After an Inmate is released (also when he is transferred out), the Dossier is Archived. If the Inmate goes back to prison, we Reactivate the Dossier. Note that it is known that sometimes we won't find the old Dossier (different spelling for the name, arrived with no id, etc), so we will have a new Dossier for the same person. A single Dossier can thus contain multiple Incarcerations. To make things more confusing, Incarcerations can overlap, partially overlap or be served one after another.

When an Inmate is Transferred to a different prison, his Dossier is Archived, a copy goes with him to the other prison, but Macto isn't meant to be a cross prison system, it is local to a single prison.

Stuff like Inmate Id, for example, are all local to the prison and are not shared.

grega_g
07/12/2011 10:25 AM by
grega_g

I guess Guantanamo's IT guys fucked up the part about "the chain of lawful authority for incarceration".

Jonty
07/12/2011 10:28 AM by
Jonty

I like the approach. Developers are often too quick to get technical and end up modelling their view of the problem, not the actual business processes involved. I reckon 90% would've created an Inmate class (probably an IInmateRepository and IInmateService too).

Bogdan Marian
07/12/2011 10:33 AM by
Bogdan Marian

@Ayende You said you have been in a prison - I presume as a guard/auxiliary and not as an inmate ;)... was this period of time as a compulsory IDF serving time? I mean, as far as I know, any Israeli citizen (man or woman) must serve either as a military, either as an auxiliary (I don't know exactly the offical term, - is this true? Have you study krav maga combat style while serving there? Sorry if this is not the place to ask these questions, I am just curious since you have mentioned in one of your older posts that you have done some programming while serving ...

Ayende Rahien
07/12/2011 10:48 AM by
Ayende Rahien

Bodgan, You probably want to read this: http://ayende.com/blog/539/leave-to-live-by-no-mans-leave

Bogdan Marian
07/12/2011 11:00 AM by
Bogdan Marian

@Ayende Really interesting experience you got there ... :)

Pete McEvoy
07/12/2011 11:10 AM by
Pete McEvoy

I had been wondering why you chose a prison incarceration system, and seeing your reference to the earlier blog entry, I now understand why.

However, do you think that you have unfair domain knowledge that is guiding your analysis and design? I wonder how your analysis (and subsequent design) would proceed without that insider knowledge? How would you design given that you are not in possession of all the "business" facts?

I know this is just a sample app you are building, and these questions are beyond the scope of this series of articles, but most devs end up working in business domains that they have little experience in, and that is the reason poor design decisions are made

Patrick Huizinga
07/12/2011 11:34 AM by
Patrick Huizinga

@Pete

From what I understand of DDD you should always have a Domain Expert in order to figure out the domain (aka business facts). Together with the domain expert you create the design. In fact, in the ideal case the expert should even be able to spot logical errors in the source code.

In the case of Macto it didn't take Ayende very long to find a domain expert. ;)

Tim Murphy
07/12/2011 12:24 PM by
Tim Murphy

When visiting http://ayende.com/blog/539/leave-to-live-by-no-mans-leave I received the following error message:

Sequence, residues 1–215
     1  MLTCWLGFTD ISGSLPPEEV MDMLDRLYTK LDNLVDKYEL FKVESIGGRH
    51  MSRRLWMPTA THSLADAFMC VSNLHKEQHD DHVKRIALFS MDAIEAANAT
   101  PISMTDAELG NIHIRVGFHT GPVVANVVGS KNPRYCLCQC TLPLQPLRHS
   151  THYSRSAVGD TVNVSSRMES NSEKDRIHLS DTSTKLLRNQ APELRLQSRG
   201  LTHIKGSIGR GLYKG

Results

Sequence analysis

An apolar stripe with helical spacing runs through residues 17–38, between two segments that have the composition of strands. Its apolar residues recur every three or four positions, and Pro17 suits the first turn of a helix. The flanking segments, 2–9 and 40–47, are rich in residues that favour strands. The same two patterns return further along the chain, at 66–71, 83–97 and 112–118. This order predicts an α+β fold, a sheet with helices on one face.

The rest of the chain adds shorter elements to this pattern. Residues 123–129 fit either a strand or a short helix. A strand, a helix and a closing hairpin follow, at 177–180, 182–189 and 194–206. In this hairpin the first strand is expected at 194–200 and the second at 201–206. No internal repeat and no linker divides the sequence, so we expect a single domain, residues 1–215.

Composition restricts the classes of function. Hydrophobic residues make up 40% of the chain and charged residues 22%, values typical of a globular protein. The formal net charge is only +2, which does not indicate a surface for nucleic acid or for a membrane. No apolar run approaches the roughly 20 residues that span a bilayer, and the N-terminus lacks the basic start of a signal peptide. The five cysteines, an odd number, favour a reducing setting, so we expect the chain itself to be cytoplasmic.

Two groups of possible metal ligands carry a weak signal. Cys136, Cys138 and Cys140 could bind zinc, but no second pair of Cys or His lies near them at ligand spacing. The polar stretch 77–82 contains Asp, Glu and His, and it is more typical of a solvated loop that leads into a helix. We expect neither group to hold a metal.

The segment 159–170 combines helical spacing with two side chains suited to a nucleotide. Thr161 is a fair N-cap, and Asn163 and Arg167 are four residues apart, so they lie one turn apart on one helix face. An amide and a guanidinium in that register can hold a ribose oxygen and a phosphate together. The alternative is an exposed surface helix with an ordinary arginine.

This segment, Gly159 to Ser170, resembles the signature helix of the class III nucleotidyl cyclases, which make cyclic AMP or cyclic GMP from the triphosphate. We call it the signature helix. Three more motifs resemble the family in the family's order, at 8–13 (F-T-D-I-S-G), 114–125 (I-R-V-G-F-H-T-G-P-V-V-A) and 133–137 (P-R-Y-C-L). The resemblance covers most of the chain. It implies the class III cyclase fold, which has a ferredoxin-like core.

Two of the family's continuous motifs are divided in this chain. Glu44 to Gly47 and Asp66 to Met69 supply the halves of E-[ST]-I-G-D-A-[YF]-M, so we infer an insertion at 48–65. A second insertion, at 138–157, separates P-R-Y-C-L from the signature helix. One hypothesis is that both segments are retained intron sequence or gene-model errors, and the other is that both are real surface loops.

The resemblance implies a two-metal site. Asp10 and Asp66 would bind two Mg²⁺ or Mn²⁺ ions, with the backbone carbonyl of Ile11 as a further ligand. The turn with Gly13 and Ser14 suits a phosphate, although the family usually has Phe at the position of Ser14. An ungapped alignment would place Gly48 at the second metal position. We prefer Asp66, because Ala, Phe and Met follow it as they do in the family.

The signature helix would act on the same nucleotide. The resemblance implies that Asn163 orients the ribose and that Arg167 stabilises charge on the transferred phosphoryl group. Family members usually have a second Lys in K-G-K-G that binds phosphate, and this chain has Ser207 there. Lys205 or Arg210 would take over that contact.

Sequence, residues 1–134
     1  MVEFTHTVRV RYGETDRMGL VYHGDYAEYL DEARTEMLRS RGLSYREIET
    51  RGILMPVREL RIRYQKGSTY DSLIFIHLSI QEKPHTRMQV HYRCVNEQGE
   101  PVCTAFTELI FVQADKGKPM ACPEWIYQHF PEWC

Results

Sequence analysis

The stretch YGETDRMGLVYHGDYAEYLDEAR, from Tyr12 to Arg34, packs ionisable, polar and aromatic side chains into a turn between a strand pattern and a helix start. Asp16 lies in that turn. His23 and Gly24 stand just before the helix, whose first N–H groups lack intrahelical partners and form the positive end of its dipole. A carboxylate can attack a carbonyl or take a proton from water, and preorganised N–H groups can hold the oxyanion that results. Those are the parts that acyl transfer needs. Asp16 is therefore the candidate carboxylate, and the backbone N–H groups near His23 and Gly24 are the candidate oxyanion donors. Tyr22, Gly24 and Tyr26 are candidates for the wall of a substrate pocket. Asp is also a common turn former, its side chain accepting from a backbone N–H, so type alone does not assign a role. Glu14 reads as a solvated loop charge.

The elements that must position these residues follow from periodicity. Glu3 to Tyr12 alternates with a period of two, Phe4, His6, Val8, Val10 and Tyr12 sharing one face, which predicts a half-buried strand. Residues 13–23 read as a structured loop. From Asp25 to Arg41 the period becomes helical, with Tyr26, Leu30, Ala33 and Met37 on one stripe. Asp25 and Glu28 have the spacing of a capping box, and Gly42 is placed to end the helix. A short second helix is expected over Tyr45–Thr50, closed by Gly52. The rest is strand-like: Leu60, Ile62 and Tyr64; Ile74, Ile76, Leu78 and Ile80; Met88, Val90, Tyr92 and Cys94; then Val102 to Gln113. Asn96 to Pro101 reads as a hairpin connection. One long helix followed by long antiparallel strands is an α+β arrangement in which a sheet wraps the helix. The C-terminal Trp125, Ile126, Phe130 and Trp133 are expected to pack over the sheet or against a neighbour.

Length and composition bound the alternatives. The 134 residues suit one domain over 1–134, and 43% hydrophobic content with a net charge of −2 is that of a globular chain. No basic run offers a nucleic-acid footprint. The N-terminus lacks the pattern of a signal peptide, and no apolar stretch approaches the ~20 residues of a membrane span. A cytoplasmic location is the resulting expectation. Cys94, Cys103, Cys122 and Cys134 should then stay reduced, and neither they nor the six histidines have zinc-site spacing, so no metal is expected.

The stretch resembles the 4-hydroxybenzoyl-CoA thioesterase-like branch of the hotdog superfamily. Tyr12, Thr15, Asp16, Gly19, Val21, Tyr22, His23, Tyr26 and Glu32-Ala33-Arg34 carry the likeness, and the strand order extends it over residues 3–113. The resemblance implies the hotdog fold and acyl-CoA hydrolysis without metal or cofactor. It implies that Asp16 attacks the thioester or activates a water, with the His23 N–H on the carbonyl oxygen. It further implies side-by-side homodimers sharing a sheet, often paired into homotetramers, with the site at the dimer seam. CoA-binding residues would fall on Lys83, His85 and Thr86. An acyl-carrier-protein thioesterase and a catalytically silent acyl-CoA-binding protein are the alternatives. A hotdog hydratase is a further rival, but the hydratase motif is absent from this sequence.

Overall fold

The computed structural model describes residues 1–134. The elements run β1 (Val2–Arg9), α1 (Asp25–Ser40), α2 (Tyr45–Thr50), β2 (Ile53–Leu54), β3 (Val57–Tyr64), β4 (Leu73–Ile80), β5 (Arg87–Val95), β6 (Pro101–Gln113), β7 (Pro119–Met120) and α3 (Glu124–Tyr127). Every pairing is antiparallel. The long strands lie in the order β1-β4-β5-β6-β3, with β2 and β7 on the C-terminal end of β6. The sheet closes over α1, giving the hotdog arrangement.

Object reference not set to an instance of an object. System.NullReferenceException: Object reference not set to an instance of an object. at System.Collections.Specialized.NameObjectCollectionBase.BaseGetKey(Int32 index) at System.Collections.Specialized.NameValueCollection.Add(NameValueCollection c) at Raven.Client.Connection.HttpJsonRequestFactory.GetCachedResponse(HttpJsonRequest httpJsonRequest) in C:\Work\ravendb\Raven.Client.Lightweight\Connection\HttpJsonRequestFactory.cs:line 164 at Raven.Client.Connection.HttpJsonRequest.ReadStringInternal(Func1 getResponse) in C:\Work\ravendb\Raven.Client.Lightweight\Connection\HttpJsonRequest.cs:line 171 at Raven.Client.Connection.HttpJsonRequest.ReadResponseString() in C:\Work\ravendb\Raven.Client.Lightweight\Connection\HttpJsonRequest.cs:line 131 at Raven.Client.Connection.ServerClient.DirectQuery(String index, IndexQuery query, String operationUrl, String[] includes) in C:\Work\ravendb\Raven.Client.Lightweight\Connection\ServerClient.cs:line 693 at Raven.Client.Connection.ServerClient.<>c__DisplayClass24.<Query>b__23(String u) in C:\Work\ravendb\Raven.Client.Lightweight\Connection\ServerClient.cs:line 677 at Raven.Client.Connection.ServerClient.TryOperation[T](Func2 operation, String operationUrl, Boolean avoidThrowing, T& result) in C:\Work\ravendb\Raven.Client.Lightweight\Connection\ServerClient.cs:line 169 at Raven.Client.Connection.ServerClient.ExecuteWithReplication[T](String method, Func2 operation) in C:\Work\ravendb\Raven.Client.Lightweight\Connection\ServerClient.cs:line 139 at Raven.Client.Connection.ServerClient.Query(String index, IndexQuery query, String[] includes) in C:\Work\ravendb\Raven.Client.Lightweight\Connection\ServerClient.cs:line 677 at Raven.Client.Document.AbstractDocumentQuery2.GetQueryResult() in C:\Work\ravendb\Raven.Client.Lightweight\Document\AbstractDocumentQuery.cs:line 1321 at Raven.Client.Document.AbstractDocumentQuery2.get_QueryResult() in C:\Work\ravendb\Raven.Client.Lightweight\Document\AbstractDocumentQuery.cs:line 380 at Raven.Client.Linq.RavenQueryProviderProcessor1.ExecuteQueryTProjection in C:\Work\ravendb\Raven.Client.Lightweight\Linq\RavenQueryProviderProcessor.cs:line 1035 at Raven.Client.Linq.RavenQueryProviderProcessor1.Execute(Expression expression) in C:\Work\ravendb\Raven.Client.Lightweight\Linq\RavenQueryProviderProcessor.cs:line 1021 at Raven.Client.Linq.DynamicRavenQueryProvider1.Execute(Expression expression) in C:\Work\ravendb\Raven.Client.Lightweight\Linq\DynamicRavenQueryProvider.cs:line 145 at Raven.Client.Linq.DynamicRavenQueryProvider1.System.Linq.IQueryProvider.Execute(Expression expression) in C:\Work\ravendb\Raven.Client.Lightweight\Linq\DynamicRavenQueryProvider.cs:line 208 at Raven.Client.Linq.RavenQueryInspector1.GetEnumerator() in C:\Work\ravendb\Raven.Client.Lightweight\Linq\RavenQueryInspector.cs:line 93 at System.Collections.Generic.List1..ctor(IEnumerable1 collection) at System.Linq.Enumerable.ToList[TSource](IEnumerable1 source) at RaccoonBlog.Web.Controllers.SectionController.List() in C:\Work\RaccoonBlog\src\RaccoonBlog.Web\Controllers\SectionController.cs:line 42 at lambda_method(Closure , ControllerBase , Object[] ) at System.Web.Mvc.ReflectedActionDescriptor.Execute(ControllerContext controllerContext, IDictionary2 parameters) at System.Web.Mvc.ControllerActionInvoker.InvokeActionMethod(ControllerContext controllerContext, ActionDescriptor actionDescriptor, IDictionary2 parameters) at System.Web.Mvc.ControllerActionInvoker.<>c__DisplayClass15.<InvokeActionMethodWithFilters>b__12() at System.Web.Mvc.ControllerActionInvoker.InvokeActionMethodFilter(IActionFilter filter, ActionExecutingContext preContext, Func1 continuation) at System.Web.Mvc.ControllerActionInvoker.InvokeActionMethodFilter(IActionFilter filter, ActionExecutingContext preContext, Func1 continuation) at System.Web.Mvc.ControllerActionInvoker.InvokeActionMethodFilter(IActionFilter filter, ActionExecutingContext preContext, Func1 continuation) at System.Web.Mvc.ControllerActionInvoker.InvokeActionMethodWithFilters(ControllerContext controllerContext, IList1 filters, ActionDescriptor actionDescriptor, IDictionary2 parameters) at System.Web.Mvc.ControllerActionInvoker.InvokeAction(ControllerContext controllerContext, String actionName)